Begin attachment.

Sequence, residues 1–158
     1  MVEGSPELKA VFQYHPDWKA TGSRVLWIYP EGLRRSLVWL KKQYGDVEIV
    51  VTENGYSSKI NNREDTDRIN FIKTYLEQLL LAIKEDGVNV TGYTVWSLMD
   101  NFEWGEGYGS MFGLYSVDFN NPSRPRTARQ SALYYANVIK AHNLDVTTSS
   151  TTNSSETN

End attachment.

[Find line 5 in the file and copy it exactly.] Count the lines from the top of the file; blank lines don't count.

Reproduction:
   151  TTNSSETN